Proud Spain again humbles itself to the euro’s demands
With one in four Spanish workers out of a job, output contracting by the day and Asturian miners marching through the capital, the Spanish prime minister, Mariano Rajoy, has determined to push through a further €65bn (£51bn) of austerity measures, as if deliberately set on a strategy of economic death by a thousand cuts.
To say “determined” is possibly not the best way of putting it, for this is more like forced with a gun to his head; the latest austerity package is part of the conditionality attached to the eurozone loans for banking bailouts, thereby giving the lie to Mr Rajoy’s proud insistence that the Spanish bailout is in some way less of a subjugation than the others.
“We are living in a crucial moment that will determine the future of our families, our youth, our social welfare and all our hopes,” Mr Rajoy said. “That is the reality. We have to get out of this mess and we have to do it as soon as possible.” Well here’s a spot of advice. What was announced today is not going to do it.
In economic terms at least, developments in Europe look ever more like a repeat of what happened in the interwar years, where misplaced devotion to the gold standard and inability to resolve differences between creditor and debtor nations forced governments into ever more counter-productive policies.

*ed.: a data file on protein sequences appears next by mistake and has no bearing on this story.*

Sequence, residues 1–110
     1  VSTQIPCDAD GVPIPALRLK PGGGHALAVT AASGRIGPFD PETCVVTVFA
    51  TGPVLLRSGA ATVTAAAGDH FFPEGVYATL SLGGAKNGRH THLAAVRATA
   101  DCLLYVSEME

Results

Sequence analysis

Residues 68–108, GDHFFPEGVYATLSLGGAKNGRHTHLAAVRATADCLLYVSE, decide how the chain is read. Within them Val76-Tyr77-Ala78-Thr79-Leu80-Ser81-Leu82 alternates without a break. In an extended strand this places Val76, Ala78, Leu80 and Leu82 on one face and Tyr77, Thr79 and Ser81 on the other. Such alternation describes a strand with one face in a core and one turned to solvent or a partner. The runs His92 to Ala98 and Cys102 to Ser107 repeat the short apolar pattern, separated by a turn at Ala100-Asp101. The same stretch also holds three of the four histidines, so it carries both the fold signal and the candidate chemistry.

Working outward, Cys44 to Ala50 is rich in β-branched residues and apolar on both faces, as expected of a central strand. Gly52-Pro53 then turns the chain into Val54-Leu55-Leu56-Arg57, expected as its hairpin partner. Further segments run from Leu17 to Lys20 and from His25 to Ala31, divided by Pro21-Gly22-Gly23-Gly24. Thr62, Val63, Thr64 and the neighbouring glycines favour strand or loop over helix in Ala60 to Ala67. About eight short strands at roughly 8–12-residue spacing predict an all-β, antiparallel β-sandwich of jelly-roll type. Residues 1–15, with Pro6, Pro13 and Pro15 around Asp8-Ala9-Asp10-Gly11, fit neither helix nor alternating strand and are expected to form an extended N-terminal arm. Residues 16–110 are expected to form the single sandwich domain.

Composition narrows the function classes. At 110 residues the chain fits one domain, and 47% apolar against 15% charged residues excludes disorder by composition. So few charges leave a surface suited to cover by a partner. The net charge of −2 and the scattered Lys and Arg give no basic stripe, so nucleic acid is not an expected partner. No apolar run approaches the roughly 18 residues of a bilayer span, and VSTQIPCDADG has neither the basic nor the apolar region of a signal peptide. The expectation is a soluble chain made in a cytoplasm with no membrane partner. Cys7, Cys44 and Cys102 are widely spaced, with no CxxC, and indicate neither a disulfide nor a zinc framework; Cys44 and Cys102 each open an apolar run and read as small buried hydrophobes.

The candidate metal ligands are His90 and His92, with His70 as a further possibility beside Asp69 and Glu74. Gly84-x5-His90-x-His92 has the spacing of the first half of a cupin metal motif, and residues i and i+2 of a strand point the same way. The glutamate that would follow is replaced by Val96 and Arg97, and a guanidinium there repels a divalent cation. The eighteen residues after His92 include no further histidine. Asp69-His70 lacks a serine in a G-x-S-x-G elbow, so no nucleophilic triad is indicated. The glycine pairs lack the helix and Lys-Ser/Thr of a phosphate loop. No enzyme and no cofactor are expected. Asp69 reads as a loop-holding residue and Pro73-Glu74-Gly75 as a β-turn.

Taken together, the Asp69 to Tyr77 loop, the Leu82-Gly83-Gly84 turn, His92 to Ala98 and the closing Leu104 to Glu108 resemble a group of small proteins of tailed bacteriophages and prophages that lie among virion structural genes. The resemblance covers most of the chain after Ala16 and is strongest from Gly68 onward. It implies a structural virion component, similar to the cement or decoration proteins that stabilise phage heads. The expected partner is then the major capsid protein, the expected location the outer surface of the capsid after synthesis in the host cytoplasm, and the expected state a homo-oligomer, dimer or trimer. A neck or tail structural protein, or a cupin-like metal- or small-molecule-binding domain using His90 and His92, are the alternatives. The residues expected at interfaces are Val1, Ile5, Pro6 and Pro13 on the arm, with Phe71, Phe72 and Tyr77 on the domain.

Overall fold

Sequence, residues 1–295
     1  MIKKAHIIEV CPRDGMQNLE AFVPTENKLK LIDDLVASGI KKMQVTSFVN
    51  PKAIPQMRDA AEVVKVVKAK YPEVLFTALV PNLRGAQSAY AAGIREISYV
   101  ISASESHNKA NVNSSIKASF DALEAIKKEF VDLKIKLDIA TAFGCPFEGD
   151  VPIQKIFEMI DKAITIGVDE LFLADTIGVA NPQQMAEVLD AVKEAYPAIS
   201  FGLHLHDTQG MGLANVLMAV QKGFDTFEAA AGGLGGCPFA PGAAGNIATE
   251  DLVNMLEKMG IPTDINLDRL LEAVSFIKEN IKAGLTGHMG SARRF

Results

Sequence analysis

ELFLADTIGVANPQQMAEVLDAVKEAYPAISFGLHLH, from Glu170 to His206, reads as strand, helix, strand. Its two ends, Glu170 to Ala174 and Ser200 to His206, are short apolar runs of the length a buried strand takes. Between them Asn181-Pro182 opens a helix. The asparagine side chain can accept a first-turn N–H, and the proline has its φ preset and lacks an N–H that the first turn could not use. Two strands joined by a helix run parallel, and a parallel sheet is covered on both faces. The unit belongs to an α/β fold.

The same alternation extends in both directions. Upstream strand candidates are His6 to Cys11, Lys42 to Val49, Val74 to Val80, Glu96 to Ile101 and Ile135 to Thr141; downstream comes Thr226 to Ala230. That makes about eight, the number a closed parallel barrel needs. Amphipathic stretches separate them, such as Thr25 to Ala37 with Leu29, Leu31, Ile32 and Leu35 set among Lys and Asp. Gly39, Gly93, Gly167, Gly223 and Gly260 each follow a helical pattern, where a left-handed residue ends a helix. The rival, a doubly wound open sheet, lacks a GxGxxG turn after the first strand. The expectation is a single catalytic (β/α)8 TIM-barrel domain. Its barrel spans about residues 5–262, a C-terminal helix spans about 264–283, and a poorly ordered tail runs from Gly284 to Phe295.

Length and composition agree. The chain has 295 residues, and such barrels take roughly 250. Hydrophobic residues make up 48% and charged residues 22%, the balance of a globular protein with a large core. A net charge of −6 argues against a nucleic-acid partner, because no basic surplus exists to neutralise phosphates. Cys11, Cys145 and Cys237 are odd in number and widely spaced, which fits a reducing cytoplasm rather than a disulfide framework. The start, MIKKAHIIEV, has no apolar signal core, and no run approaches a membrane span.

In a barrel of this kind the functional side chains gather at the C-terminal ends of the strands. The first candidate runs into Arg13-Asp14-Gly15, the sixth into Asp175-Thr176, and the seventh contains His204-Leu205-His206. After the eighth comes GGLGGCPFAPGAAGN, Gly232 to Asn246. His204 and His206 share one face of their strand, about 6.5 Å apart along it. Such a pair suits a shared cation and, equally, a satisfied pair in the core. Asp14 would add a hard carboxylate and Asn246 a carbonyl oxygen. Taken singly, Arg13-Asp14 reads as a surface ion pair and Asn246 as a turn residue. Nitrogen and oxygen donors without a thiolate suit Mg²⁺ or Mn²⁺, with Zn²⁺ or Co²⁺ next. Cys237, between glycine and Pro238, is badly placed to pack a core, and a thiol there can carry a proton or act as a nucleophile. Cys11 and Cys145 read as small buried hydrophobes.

What Spain is embarked on is a strategy of despair, a form of madness in which the patient deliberately does the wrong thing in the hope it will support the higher purpose – a currency union which is manifestly harming Spanish interests and is already effectively busted beyond repair.
What on earth does Mr Rajoy think he is doing applying a further huge drag to growth in an economy which is already in an apparent death spiral?
In attempting to cut its way back to fiscal sustainability, Spain is caught in a vicious circle of demand contraction which looks set only to make the fiscal problem even worse. Unlike Britain, there is nothing to mitigate the process of fiscal contraction by way of devaluation or monetary accommodation. It is as if the patient is forced to undergo open heart surgery without anaesthetic. The shock alone threatens to kill the subject.
Nor is Britain attempting anything remotely similar to the forced march back to balanced budgets imposed on Spain. You wouldn’t believe it to hear the howls of protest from Britain’s Labour opposition, but in fact UK fiscal policy is for the moment still expansionary.
What’s happening is not so much a fiscal contraction as the gradual withdrawal of the fiscal stimulus provided by an unsustainable structural deficit. This might sound a somewhat technical, and therefore worthless distinction, but it is real enough.
The structural deficit is being slowly dealt with, but the double dip recession has delayed meaningful fiscal contraction. Government spending is still rising quite strongly.
In Spain and other depression hit countries of the eurozone periphery, the inflexibility of the deficit reduction target appears to prevent such use of “automatic stabilisers”.